Let me make clear, I don’t personally engage in the aforementioned activities, but I can certainly understand how easy it would be to fall prey to these practices.

The truth is, we’re growing older with each setting sun and there’s no way to stop it. Our lack of crows feet and smooth skin can no more rescue us from what actually needs saving than a topical cream can kill cancer. The sickness is within.

Our exterior is just that: A shell that houses our most precious jewels. But if the treasure rots, what is there to protect? Our bodies become useless. Yet we choose to focus most of our upkeep on our physical selves. L’Oréal’s latest under eye night serum cannot treat a withered spirit.

Our spirits are as strong or tenuous as we make them. In order to build their strength, we must feed them that which will encourage growth and resilience. If fed junk, such as anger and guilt, they begin to eat away at themselves and become emaciated.

From the moment we enter this earth, life becomes a toilsome journey: loss, addiction, betrayal, and self-hate are only a few potential struggles we face. Under the pressure of such circumstances, weak spirits are likely to break.

Our physical age will inevitably increase, but there’s nothing more exquisite than a spirit unaffected by age. One who has seen its share of hardships yet remains unblemished in its faith.

I know it sounds impossible. It’s certainly not easy, but with conscious effort, a lot of practice, and of course God, it is achievable. I don’t have all the answers to maintaining a healthy, strong, and youthful spirit, however I do have a few tips to get you started.

Let it go.

Stop dwelling on people and circumstances you can’t change. It only stands to further frustrate you. If someone has wronged you and you’re still bitter about it, you’re punishing yourself for their error. I’m not suggesting that you excuse their behavior, instead I invite you to release them to God. Once you release them, you also free yourself from feeling like you have to exact penance on them.

Surround yourself with positive people.

The company you keep has a major influence on your outlook on life. Be intentional about the people you surround yourself with. Make sure your friends are adding positivity to your life and not encouraging negativity. The normal rigamarole of life is stressful enough, you need people to bring the joy out in you at all costs.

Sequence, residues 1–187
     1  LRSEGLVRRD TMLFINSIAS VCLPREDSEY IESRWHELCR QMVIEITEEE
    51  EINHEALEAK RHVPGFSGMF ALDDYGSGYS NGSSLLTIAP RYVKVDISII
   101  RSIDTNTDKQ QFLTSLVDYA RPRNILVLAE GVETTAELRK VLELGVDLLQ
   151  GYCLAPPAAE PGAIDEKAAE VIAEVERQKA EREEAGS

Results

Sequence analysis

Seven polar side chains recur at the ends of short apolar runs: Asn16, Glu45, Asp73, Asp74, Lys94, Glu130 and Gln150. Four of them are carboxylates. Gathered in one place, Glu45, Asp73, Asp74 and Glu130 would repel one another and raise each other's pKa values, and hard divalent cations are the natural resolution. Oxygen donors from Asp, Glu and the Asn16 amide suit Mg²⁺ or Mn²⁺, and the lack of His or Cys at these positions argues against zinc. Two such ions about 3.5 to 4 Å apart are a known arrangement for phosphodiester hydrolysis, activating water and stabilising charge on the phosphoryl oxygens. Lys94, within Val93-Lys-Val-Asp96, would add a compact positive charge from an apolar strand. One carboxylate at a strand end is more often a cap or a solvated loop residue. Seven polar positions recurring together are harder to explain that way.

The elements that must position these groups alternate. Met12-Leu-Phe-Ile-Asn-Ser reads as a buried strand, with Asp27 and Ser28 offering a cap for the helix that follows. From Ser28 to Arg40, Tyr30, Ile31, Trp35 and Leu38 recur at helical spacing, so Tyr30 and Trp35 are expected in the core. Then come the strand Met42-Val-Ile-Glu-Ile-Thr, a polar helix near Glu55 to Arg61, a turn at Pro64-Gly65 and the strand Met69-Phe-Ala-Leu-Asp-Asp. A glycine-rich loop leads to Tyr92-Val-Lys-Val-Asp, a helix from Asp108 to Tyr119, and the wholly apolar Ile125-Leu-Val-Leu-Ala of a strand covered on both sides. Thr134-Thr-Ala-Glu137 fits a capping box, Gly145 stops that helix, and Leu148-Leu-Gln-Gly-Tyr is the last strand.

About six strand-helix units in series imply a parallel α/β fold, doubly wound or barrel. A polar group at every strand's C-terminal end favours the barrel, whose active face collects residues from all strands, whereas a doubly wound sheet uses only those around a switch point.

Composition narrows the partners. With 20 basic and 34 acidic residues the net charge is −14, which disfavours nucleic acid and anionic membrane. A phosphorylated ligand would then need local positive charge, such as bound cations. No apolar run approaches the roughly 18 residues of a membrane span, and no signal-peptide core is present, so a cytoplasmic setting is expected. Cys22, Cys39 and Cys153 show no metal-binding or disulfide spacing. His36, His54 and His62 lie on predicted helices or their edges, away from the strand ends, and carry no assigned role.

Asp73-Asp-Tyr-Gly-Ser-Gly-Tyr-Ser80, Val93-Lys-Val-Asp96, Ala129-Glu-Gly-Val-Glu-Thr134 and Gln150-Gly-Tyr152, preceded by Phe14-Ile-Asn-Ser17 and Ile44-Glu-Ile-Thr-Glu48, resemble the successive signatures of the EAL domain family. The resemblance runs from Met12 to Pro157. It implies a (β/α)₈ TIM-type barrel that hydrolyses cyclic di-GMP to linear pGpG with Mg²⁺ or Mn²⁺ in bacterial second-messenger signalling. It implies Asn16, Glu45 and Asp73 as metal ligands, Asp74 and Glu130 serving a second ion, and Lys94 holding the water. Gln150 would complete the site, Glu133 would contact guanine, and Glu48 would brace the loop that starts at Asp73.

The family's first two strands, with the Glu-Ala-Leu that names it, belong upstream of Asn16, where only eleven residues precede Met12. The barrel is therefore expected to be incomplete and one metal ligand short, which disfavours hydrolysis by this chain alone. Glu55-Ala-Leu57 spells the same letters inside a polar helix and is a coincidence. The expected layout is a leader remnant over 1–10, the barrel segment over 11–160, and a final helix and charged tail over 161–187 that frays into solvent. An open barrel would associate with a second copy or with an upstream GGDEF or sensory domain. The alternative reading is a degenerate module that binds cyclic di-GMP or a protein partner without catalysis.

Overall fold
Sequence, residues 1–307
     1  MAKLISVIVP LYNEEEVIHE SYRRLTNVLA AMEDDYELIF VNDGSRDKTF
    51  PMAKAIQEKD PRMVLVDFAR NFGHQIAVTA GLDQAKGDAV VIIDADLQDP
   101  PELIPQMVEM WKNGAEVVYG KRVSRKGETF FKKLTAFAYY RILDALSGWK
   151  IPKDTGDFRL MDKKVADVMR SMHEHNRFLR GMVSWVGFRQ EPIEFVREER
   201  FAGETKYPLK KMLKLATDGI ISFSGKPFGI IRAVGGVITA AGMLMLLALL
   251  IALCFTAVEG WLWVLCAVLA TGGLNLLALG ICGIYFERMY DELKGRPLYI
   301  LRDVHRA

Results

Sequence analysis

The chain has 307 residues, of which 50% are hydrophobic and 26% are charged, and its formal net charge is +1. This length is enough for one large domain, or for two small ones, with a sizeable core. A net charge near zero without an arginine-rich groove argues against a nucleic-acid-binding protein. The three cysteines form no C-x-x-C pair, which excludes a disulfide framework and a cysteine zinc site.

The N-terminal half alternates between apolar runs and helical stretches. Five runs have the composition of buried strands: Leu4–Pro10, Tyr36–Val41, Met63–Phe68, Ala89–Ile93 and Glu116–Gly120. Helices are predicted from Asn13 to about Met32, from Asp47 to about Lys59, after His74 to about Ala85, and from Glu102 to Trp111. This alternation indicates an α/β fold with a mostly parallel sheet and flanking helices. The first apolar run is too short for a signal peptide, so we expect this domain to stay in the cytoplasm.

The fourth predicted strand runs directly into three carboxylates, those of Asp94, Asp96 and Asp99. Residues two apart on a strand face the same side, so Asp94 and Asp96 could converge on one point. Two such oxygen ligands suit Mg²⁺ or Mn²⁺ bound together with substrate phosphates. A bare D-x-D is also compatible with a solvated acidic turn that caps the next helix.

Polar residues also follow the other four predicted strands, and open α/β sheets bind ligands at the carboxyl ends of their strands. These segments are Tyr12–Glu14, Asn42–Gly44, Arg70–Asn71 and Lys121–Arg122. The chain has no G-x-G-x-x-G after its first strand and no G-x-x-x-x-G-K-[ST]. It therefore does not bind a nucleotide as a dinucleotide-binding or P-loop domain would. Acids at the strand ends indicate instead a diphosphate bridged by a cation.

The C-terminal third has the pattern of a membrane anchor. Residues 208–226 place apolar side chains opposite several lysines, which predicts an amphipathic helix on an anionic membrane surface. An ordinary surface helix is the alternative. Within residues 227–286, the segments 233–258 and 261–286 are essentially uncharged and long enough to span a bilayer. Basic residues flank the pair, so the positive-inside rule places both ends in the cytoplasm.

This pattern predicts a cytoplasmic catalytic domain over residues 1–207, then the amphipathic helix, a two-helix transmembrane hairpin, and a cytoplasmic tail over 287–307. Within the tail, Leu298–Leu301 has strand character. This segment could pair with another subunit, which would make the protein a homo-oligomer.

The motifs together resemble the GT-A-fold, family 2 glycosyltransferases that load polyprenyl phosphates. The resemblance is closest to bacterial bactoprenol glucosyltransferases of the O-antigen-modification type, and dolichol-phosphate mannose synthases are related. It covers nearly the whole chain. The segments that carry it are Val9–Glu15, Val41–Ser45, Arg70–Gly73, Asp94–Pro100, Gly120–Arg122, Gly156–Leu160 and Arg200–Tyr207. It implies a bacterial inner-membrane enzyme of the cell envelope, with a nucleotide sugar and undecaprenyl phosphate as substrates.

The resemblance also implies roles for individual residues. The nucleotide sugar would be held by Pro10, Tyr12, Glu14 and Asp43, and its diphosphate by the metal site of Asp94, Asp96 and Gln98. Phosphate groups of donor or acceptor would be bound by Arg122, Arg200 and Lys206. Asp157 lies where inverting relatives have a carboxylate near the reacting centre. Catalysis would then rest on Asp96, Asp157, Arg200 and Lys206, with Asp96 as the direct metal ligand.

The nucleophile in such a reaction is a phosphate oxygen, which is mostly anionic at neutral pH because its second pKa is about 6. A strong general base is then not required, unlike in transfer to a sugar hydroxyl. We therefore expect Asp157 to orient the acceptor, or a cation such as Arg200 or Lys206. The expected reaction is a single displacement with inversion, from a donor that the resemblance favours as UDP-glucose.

Don’t neglect the little things

It’s easy to overlook the simplest parts of life because other aspects are so overwhelmingly complex. But it’s important that we find a way to always recognize the little things in our lives that make us smile. Our sanity depends on it.

Keep the Faith

I could elaborate endlessly on the importance of remaining faithful, but instead I’ll leave you with a snippet of lyric from a song I love.

Hold on to hope if you got it
Don’t let it go for nobody
They say that dreaming is free
But I wouldn’t care what it cost me

Song of the Week, “If I Don’t Have You,” by Love and the Outcome 

Listen here! 

The lyrics to this song are what pierces my heart. They speak severly to the struggle of man making the choice to follow God or the world, and sometimes trying to find the middle ground of the two.

There is no middle ground.

God hates what the world loves. What humans see as wise, good, or worthy paints a completely different picture than what God sees as important.

We can’t serve both. We cannot be obsessed with worldly possessions and esteem while still devoting ourselves to God. We pray to God and ask for success and riches, but God has called us to greater. He has called us to seek him so that we may know his true will for our lives. He is not found in fortune or recognition, God is found in our humbleness, our servitude, and our generosity.

Remember the parable of the man who had obeyed all of God’s laws, but was unwilling to give up his riches to follow Him? We, in many ways are that man. We want to covet our earthly possessions while we wait for our heavenly reward. The thing is, in order to claim what God has for us in heaven, we must abandon the treasures of this world, even while we are yet in it.  We should be expecting our riches in heaven, not making preparations to make this earth our home.

Matthew 6:19-21 says :

19 “Do not store up for yourselves treasures on earth, where moths and vermin destroy, and where thieves break in and steal. 20 But store up for yourselves treasures in heaven, where moths and vermin do not destroy, and where thieves do not break in and steal. 21 For where your treasure is, there your heart will be also.

It’s easy to become distracted by the glittering treasures of this world. In the grand scheme of reality though, those things are worthless and will perish. Furthermore, they distract us from seeking God, from glorifying his goodness, and pursuing the lasting treasures that He has for us.

If there is anything in our lives that is hindering us from pursuing God whole heartedly, we need to take it to Him in prayer and ask him to remove those impurities.

My favorite line in this song is :

How can I say I love you to someone I don’t know?

We can’t fully love God if we don’t know Him. If we don’t crave to sit at his feet and learn more of who He is, how possibly then, can we mature in our love for the savior?